(And just a note to say that DavidsonNews.net editor does take a vacation once in a while. David Boraks got to join his family in Taiwan for ten days at the end of July. A delightful and welcome break for David!)
SUMMER STUDIES AT OXFORD
Rachel Mazur, a rising 10th grader at Cannon School, wanted to try something different this summer. She went to the Internet and found a program in Creative Writing offered at Oxford University in England. It turns out that Cannon School was familiar with Oxford’s offerings and had good experiences with other Cannon students. Rachel sent the necessary application and sample essay and soon found herself headed to the British Isles.
Rachel’s specific program was for close to 200 rising 9th and 10thgraders from around the world – although about half came from the States. She lived in a college dorm at Oxford and had instruction in Creative Writing three hours a day from 9-noon, six days a week. Rachel’s creative writing teacher was an author who lived in London. She and the 15 other students in his class thought he was wonderful.
Each student chose an additional area of interest which for Rachel was Studio Art. She had instruction in acrylics three days a week from 1:30-3:30 in the afternoon. Breakfast and dinner were provided for the students in the eating halls. Favorite breakfast foods were “Frosties” (the English version of Frosted Flakes) and Nutella on toast. Dinner was cafeteria style. Lunch was on your own in the town of Oxford. It wasn’t long before Rachel and her best friends found a local Panini restaurant which was their daily “hangout.”
In addition to her studies, Rachel made many new friends. Her “core group” consisted of five other students with hometowns in Canada, Costa Rica, Singapore, Seattle and Philadelphia. On Sundays they explored the area, tried punting (propelling a small boat along a river by pushing against the river bed with a pole) and just relaxed. As many who traveled in England before the Olympics can attest, the weather was cold and wet but national pride was evident everywhere with flags flying everywhere. Rachel even got to see the Olympic torch as it passed through Oxford and finally enjoyed warm, sunny weather during her last week there.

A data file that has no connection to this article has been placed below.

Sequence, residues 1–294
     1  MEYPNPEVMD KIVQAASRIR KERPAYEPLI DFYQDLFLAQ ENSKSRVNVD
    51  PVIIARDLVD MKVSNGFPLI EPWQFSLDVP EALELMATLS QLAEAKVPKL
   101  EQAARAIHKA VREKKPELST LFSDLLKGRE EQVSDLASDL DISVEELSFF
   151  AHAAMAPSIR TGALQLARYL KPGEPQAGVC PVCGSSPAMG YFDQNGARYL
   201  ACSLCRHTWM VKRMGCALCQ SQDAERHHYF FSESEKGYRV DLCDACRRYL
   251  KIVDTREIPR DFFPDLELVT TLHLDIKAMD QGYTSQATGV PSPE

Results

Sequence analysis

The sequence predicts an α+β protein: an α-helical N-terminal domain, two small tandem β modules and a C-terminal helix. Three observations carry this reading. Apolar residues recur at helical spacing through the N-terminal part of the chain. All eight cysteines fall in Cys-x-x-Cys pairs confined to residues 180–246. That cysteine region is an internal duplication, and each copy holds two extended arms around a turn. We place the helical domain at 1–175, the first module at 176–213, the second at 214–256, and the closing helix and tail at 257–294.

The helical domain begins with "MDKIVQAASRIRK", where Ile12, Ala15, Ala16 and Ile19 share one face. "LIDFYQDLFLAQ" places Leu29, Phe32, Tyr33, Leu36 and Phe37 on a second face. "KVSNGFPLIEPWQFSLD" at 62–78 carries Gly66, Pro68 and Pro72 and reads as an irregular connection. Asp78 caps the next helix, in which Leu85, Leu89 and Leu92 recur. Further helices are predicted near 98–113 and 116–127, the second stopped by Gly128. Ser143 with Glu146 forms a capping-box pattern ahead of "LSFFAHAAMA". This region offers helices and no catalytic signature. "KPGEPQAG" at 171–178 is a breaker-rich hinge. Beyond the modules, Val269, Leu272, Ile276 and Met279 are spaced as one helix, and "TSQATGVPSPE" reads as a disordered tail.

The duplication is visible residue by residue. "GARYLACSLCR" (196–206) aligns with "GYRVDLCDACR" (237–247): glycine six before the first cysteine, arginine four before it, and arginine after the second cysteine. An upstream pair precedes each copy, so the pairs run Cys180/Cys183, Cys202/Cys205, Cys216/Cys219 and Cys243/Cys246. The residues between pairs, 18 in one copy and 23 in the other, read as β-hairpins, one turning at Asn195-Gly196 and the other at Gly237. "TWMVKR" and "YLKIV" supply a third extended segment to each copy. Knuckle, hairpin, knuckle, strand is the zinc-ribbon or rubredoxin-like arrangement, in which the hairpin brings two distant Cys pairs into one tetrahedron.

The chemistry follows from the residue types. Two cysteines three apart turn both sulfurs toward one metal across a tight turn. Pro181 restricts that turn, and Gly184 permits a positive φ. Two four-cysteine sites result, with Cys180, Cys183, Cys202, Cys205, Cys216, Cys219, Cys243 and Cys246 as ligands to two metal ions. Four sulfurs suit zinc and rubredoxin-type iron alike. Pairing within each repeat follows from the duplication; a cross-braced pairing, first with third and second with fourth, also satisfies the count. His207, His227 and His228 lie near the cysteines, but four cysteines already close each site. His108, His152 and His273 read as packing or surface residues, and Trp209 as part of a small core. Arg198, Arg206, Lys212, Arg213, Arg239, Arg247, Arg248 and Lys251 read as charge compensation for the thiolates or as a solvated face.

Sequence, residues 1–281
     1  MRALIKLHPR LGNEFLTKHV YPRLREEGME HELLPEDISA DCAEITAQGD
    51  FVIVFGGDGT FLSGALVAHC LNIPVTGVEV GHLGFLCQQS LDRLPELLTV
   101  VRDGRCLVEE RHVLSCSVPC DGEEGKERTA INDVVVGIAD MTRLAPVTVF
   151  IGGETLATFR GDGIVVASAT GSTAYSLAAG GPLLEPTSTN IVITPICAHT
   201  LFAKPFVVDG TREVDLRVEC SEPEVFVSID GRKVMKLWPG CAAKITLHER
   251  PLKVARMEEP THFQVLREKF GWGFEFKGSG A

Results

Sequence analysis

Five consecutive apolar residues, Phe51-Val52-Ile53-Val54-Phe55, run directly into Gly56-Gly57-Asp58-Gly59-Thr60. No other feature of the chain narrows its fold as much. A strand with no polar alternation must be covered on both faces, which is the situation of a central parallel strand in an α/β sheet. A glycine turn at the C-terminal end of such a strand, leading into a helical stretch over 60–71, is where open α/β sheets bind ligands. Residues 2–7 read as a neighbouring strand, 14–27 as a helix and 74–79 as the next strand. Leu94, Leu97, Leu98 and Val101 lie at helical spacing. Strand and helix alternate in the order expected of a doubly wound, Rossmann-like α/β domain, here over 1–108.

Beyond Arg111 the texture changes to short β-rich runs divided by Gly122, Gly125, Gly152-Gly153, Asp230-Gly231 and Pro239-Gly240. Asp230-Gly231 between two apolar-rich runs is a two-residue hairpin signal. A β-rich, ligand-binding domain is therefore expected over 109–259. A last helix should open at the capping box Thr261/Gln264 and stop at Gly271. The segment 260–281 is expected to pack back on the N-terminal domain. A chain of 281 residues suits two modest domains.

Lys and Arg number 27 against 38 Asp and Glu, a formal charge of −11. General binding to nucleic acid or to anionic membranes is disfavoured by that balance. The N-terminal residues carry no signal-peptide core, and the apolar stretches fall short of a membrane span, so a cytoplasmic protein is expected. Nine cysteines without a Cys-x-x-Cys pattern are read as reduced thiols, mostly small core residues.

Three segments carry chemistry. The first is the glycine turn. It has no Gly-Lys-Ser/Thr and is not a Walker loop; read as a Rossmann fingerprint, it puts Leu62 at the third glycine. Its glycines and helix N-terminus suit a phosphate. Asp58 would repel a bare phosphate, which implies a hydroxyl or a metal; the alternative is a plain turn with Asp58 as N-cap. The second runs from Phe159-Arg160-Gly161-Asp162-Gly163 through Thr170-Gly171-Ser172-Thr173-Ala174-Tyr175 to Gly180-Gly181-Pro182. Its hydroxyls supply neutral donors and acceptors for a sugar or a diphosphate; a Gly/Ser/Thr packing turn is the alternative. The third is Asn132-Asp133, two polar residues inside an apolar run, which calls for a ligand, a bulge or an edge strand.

Now that she is home in Davidson with Mom Louise and Dad Mike, Rachel can reflect on her weeks in England. She found the Oxford program well managed and academically strong. She looks forward to keeping up with her new friends and is already thinking about spending another summer in England in the future. Right now, however, she is looking forward to her sophomore year at Cannon where she is active in theater in the fall and softball in the spring.
Thanks, Rachel, for sharing your experience with Around Davidson.
COMMUNITY GARDEN TOPS 1,000
We continue to be impressed with the output of produce from the Community Garden on Potts Street in Davidson. A group of energetic, committed workers have been on hand every Saturday throughout the summer to harvest vegetables for distribution through “Loaves and Fishes” at Ada Jenkins. As of August 2, a total of 1,057 pounds of produce was delivered to the pantry. Kudos to these dedicated gardeners! Bet that total has grown a lot with the addition of harvested peppers, cukes, tomatoes, melons, okra and the last of the beans. We will keep you posted.